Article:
Children Born Abroad to Malaysian Mothers

by Darya Ebrahimi


It is now abundantly clear that many Malaysian citizens are having significant difficulties obtaining citizenship for their children who were born in Malaysia in accordance with Article 15A of the Federal Constitution. In recent months, the media has featured many instances of these requests, struggles, and challenges.



















Photo by: Al Jazeera

Many Malaysian-born youngsters who are not refugees or asylum seekers are engaged in a life-or-death struggle for their identities. Malaysian citizens may currently apply for citizenship for their children in one of two major categories. The first is the natural parents of Malaysian nationals who married later in life or who were abandoned by mothers from other countries. Formally adopted Malaysians and formally adopted abandoned children make up another common type.

In order to ensure their safety and long term well-being, it is in their greatest advantage that something be done about their condition. Their future appears dismal because the naturalisation process can take five years or longer, and a number of their circumstances have been traumatising. They may need to reapply numerous times if they are repeatedly refused for no apparent reason.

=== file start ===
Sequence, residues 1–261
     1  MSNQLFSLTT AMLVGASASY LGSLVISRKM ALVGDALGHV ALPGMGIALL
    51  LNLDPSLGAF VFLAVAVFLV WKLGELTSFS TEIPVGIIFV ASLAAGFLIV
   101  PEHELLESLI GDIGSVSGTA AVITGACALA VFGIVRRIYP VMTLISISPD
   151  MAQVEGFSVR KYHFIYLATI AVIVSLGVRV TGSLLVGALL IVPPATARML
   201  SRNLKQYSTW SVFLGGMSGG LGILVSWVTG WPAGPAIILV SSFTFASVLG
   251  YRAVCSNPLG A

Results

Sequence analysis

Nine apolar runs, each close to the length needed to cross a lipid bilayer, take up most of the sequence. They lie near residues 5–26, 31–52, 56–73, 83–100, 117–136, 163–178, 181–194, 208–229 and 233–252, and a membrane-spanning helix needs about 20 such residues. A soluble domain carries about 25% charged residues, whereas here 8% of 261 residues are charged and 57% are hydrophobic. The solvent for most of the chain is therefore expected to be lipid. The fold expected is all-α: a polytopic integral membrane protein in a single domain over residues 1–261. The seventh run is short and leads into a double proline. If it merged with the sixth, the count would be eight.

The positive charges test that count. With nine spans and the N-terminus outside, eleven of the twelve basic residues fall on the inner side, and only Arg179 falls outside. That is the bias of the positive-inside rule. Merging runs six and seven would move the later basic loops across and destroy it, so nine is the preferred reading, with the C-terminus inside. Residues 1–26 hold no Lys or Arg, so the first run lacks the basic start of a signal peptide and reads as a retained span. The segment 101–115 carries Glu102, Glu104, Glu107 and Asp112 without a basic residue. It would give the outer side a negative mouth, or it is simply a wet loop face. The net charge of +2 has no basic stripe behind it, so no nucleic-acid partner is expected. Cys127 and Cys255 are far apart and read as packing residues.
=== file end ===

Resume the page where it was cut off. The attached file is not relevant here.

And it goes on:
Stateless children are stigmatised at this time and go through additional bumps in the road in regards to problems of school, health, and later work. Despite countless petitions, no official authority has yet to tackle these issues. Although these kids were born in Malaysia and have official documents proving their genetic relationship or adoption, they still suffer mental pain since they are mistaken for refugees or outsiders. Due to external factors they have no control over, individuals are denied basic equal rights to a means of subsistence. The home ministry appears to be facing a significant obstacle, with little to no fix offered other than the advice to "wait and see." The affected children and their families are being severely harmed by this.

Children who lack identification cards have persevered and delivered despite their difficult situation. Some of them achieve academically and in other areas while still working to be better citizens. They deserve to be treated with dignity and provided with what they is essentially their birthright, identification.